Question involving document.createElement and this

Discussion in 'Javascript' started by bayfaulkscatering@gmail.com, May 1, 2006.

  1. Guest

    I'm definitely not new to JS, but for the life of me, I can't figure
    this one out. Here's basically what I'm doing:

    function foo() {
    alert(this);
    }

    span = document.createElement('span');
    a = document.createElement('a');
    // Code to add text, etc to the tag here...
    a.onclick = foo;
    span.appendChild(a);
    // ... stuff ...
    divObject.appendChild(span);

    Instead of seeing like [object HTMLElement] or whatever, I simply see
    the URL of the page in the alert window. I've also tried adding (e) as
    a parameter to foo to capture the event, but with no luck. And I tried
    using an anonymous function:

    a.onclick = function() { alert(this); }

    I was thinking maybe it was just giving me the URL was because the a
    object was not appended to anything, ergo belonging to the document,
    but it seems like the 'this' reference shouldn't even matter until the
    function is called, at which time it is set to the a object. Can anyone
    help?
    , May 1, 2006
    #1
    1. Advertising

  2. Guest

    Clarification:

    I've also tried:

    function foo(e) {
    alert(e.target);
    }
    // [REST OF CODE]

    and I get the exact same thing.
    , May 1, 2006
    #2
    1. Advertising

  3. Guest

    Update:

    doing:

    function foo(e) {
    alert(e.parentNode.id);
    }

    correctly returns the id of the parent node of the a-link, which is the
    span! Now I'm even more confused...
    , May 1, 2006
    #3
  4. Guest

    I had a similar situation, if I'm reading your right. See if this
    helps any as a replacement to a.onclick.

    a.href = "javascript:foo()";
    , May 1, 2006
    #4
  5. writes:

    > function foo() {
    > alert(this);
    > }

    ....
    > a = document.createElement('a');
    > // Code to add text, etc to the tag here...
    > a.onclick = foo;

    ....
    > Instead of seeing like [object HTMLElement] or whatever, I simply see
    > the URL of the page in the alert window.


    The URL of *which* page? The current or the one being linked to by the
    link?

    I believe you are seeing a legacy feature. The original browsers
    introducing a method to refer to "a" elements (the document.links
    collection) predates the W3C standards. They could do whatever
    they wanted, and choose to have the toString method of "a" elements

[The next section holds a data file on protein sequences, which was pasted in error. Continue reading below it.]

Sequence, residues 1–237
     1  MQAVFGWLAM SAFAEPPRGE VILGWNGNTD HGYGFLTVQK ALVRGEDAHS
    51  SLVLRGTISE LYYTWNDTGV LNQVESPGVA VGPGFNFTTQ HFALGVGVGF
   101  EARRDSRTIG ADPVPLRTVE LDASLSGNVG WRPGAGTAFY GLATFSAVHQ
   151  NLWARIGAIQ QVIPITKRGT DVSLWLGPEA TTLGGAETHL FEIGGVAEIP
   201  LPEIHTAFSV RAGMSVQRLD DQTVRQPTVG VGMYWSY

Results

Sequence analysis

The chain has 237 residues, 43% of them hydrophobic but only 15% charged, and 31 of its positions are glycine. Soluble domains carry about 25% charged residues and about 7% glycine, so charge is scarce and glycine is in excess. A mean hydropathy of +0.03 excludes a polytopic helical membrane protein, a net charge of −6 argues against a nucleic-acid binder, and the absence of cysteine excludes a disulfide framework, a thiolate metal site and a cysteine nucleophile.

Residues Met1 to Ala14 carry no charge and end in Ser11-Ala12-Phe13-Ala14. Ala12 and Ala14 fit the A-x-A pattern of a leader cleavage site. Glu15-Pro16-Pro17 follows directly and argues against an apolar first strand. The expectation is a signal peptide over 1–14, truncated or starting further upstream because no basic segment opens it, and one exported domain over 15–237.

return the href property. Modern browser have kept this feature.


    > And I tried using an anonymous function:
    >
    > a.onclick = function() { alert(this); }

    ....
    > but it seems like the 'this' reference shouldn't even matter until the
    > function is called, at which time it is set to the a object.


    Correct.

    /L
    --
    Lasse Reichstein Nielsen -
    DHTML Death Colors: <URL:http://www.infimum.dk/HTML/rasterTriangleDOM.html>
    'Faith without judgement merely degrades the spirit divine.'
    Lasse Reichstein Nielsen, May 1, 2006
    #5
  6. Randy Webb Guest

    said the following on 4/30/2006 11:54 PM:

    Please quote what you are replying to.

    If you want to post a followup via groups.google.com, don't use the
    "Reply" link at the bottom of the article. Click on "show options" at
    the top of the article, then click on the "Reply" at the bottom of the
    article headers.
    <URL: http://www.safalra.com/special/googlegroupsreply/ >

    > I had a similar situation, if I'm reading your right. See if this
    > helps any as a replacement to a.onclick.
    >
    > a.href = "javascript:foo()";


    It won't.

    <URL: http://jibbering.com/faq/#FAQ4_24>

    --
    Randy
    comp.lang.javascript FAQ - http://jibbering.com/faq & newsgroup weekly
    Javascript Best Practices - http://www.JavascriptToolbox.com/bestpractices/
    Randy Webb, May 1, 2006
    #6
  7. wrote:

    > I'm definitely not new to JS,


    I would say you are new to it enough.

    > but for the life of me, I can't figure
    > this one out. Here's basically what I'm doing:
    >
    > function foo() {
    > alert(this);
    > }
    >
    > span = document.createElement('span');


    Identifiers should be declared:

    var span = ...;

    At least methods should be feature-tested:

    function isMethod(a)
    {
    return a && /^\s*(function|object)\s*$/.test(typeof a);
    }

    if (isMethod(document.createElement))
    {
    ... document.createElement(...) ...
    }

    > a = document.createElement('a');